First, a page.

Put Unused Meds Where They Belong

A child pours out several blue pills from a medication bottle onto a high counter top.
Medication take-back bins provide easy disposal options to keep old medications out of harm's way.

Medication take-back bins help keep communities safe and clean

by Anne Stokes

Whether to cure disease, ease pain, or prevent illness, prescription medications keep people healthy. Unfortunately, along with the power to heal, medications also have the potential to cause harm when misused or improperly discarded. Drug take-back bins provide safe and convenient ways to keep unused medications out of the environment and out of the hands of those who would misuse them.

“The more good outlets that we have, like take-back bins, the better.”

Hans Kernkamp, General manager and chief engineer, Riverside County Department of Waste Resources

Don’t rush to flush

Even in the recent past, people were advised to flush unused medications down the drain or throw them away in the trash. But medications that end up in landfills or gets flushed down the toilet can pollute watersheds—the same watersheds that often supply communities’ drinking water.

“When you throw it in the trash, there’s a potential for contamination from this material,” says Hans Kernkamp, general manager and chief engineer of the Riverside County Department of Waste Resources. “Taking it to the landfill—even though it’s lined and hopefully does a good job of preventing groundwater contamination—nobody can say that it’s 100 percent foolproof, so there’s always that possibility.”

Not getting rid of unused medications has its risks

According to the Centers for Disease Control and Prevention, an average of 45 Americans died every day from prescription opioid overdoses in 2021, for a total of 280,000 deaths. And this was nearly five times the number of deaths in 1999. Similarly, two-thirds of teens who admit to abusing painkillers say they got them out of home medicine cabinets. And each year, approximately 59,000 children in the U.S. end up in emergency departments because of accidental poisoning.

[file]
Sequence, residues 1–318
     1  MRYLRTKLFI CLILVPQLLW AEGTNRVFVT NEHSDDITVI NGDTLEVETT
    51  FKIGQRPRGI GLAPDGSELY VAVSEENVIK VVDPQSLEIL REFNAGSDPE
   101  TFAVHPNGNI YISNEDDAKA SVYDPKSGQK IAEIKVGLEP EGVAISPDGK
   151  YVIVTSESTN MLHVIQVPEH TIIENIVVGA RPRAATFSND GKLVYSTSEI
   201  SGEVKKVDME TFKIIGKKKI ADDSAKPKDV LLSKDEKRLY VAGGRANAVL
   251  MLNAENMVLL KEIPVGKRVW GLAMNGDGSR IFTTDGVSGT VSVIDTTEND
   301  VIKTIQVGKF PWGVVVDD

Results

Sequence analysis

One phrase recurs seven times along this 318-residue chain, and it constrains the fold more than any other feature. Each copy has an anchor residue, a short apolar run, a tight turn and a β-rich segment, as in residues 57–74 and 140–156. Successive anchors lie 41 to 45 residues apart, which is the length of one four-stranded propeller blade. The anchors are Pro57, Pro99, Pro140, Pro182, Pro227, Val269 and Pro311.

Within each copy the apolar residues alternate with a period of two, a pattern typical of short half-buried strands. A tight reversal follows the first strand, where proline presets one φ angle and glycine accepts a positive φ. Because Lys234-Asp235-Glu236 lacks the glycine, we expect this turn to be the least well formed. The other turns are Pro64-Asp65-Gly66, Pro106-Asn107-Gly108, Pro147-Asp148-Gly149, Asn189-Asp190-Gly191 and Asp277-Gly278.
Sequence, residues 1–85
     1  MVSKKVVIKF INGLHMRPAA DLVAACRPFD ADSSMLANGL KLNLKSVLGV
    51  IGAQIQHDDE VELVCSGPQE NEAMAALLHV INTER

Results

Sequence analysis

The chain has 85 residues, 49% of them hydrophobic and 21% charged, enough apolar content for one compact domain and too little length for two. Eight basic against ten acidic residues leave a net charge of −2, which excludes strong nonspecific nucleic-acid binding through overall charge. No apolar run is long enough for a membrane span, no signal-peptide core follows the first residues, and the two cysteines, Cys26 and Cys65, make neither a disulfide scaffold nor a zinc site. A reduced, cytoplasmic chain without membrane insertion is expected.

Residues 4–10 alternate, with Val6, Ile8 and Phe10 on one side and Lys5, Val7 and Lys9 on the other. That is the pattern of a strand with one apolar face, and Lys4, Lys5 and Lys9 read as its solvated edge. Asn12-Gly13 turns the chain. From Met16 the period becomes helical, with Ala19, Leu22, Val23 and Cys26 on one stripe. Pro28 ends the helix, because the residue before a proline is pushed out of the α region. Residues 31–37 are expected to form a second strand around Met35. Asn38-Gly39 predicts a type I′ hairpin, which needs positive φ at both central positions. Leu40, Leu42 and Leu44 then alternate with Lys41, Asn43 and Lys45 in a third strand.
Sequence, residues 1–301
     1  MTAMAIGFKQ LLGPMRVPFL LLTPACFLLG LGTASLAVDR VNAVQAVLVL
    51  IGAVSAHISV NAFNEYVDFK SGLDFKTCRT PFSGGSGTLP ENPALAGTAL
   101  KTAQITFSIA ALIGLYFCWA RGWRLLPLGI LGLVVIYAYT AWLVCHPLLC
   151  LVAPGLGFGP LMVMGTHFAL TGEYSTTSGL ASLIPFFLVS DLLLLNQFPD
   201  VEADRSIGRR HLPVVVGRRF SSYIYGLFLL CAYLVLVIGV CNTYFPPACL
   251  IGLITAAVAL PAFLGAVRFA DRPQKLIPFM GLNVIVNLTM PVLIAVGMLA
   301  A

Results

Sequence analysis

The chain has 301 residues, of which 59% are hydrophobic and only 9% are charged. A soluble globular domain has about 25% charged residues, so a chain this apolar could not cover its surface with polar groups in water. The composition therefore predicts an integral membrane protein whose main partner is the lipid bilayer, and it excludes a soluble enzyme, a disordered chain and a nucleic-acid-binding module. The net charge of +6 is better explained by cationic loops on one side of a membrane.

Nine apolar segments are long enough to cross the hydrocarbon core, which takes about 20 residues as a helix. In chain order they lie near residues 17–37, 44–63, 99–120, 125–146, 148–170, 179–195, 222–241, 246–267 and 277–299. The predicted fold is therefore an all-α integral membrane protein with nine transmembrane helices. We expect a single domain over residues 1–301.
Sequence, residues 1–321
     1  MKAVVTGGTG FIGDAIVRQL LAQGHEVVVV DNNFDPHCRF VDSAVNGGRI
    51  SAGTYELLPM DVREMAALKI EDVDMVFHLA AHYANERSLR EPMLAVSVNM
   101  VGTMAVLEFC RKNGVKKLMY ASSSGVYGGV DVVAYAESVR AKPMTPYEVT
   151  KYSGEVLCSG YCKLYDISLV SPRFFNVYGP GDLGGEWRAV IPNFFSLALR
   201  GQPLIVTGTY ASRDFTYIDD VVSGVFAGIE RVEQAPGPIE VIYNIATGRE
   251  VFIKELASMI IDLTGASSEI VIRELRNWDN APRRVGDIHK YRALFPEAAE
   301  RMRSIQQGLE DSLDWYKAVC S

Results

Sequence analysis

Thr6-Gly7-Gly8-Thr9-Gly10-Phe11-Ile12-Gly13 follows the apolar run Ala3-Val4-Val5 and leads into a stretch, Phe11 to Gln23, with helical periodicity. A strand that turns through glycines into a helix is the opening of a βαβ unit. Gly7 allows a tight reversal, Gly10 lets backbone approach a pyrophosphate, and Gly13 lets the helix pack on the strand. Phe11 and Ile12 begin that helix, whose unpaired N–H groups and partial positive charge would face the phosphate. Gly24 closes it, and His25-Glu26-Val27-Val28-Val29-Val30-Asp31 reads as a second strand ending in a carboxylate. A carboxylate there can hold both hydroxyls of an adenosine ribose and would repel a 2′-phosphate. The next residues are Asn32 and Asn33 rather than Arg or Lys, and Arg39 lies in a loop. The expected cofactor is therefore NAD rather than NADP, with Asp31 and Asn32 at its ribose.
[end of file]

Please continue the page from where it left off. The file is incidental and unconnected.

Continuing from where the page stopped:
“The risks of stockpiling are that somebody will get a hold of them that shouldn’t have access to those prescriptions,” says Kernkamp. “That’s a real issue, you hear about that all the time where people have taken others’ medication and misused it.”

A better option

Without the convenience and availability of medication take-back bins, disposal options are limited to flushing, throwing medications away in the trash, visiting a household hazardous waste facility, or stockpiling them at home until a community take-back event happens. These options can increase the risk of misuse or contribute to environmental pollution.

“We have a pretty robust [medication take-back] program in the county, but we’re a very large county—7,200 square miles—so when you have an event, it has to cover a pretty large area, so the chances are somebody is going to have to drive a good distance,” says Kernkamp. “The more good outlets that we have, like take-back bins, the better.”

To find a take-back bin near you, visit https://www.takebackdrugs.org/.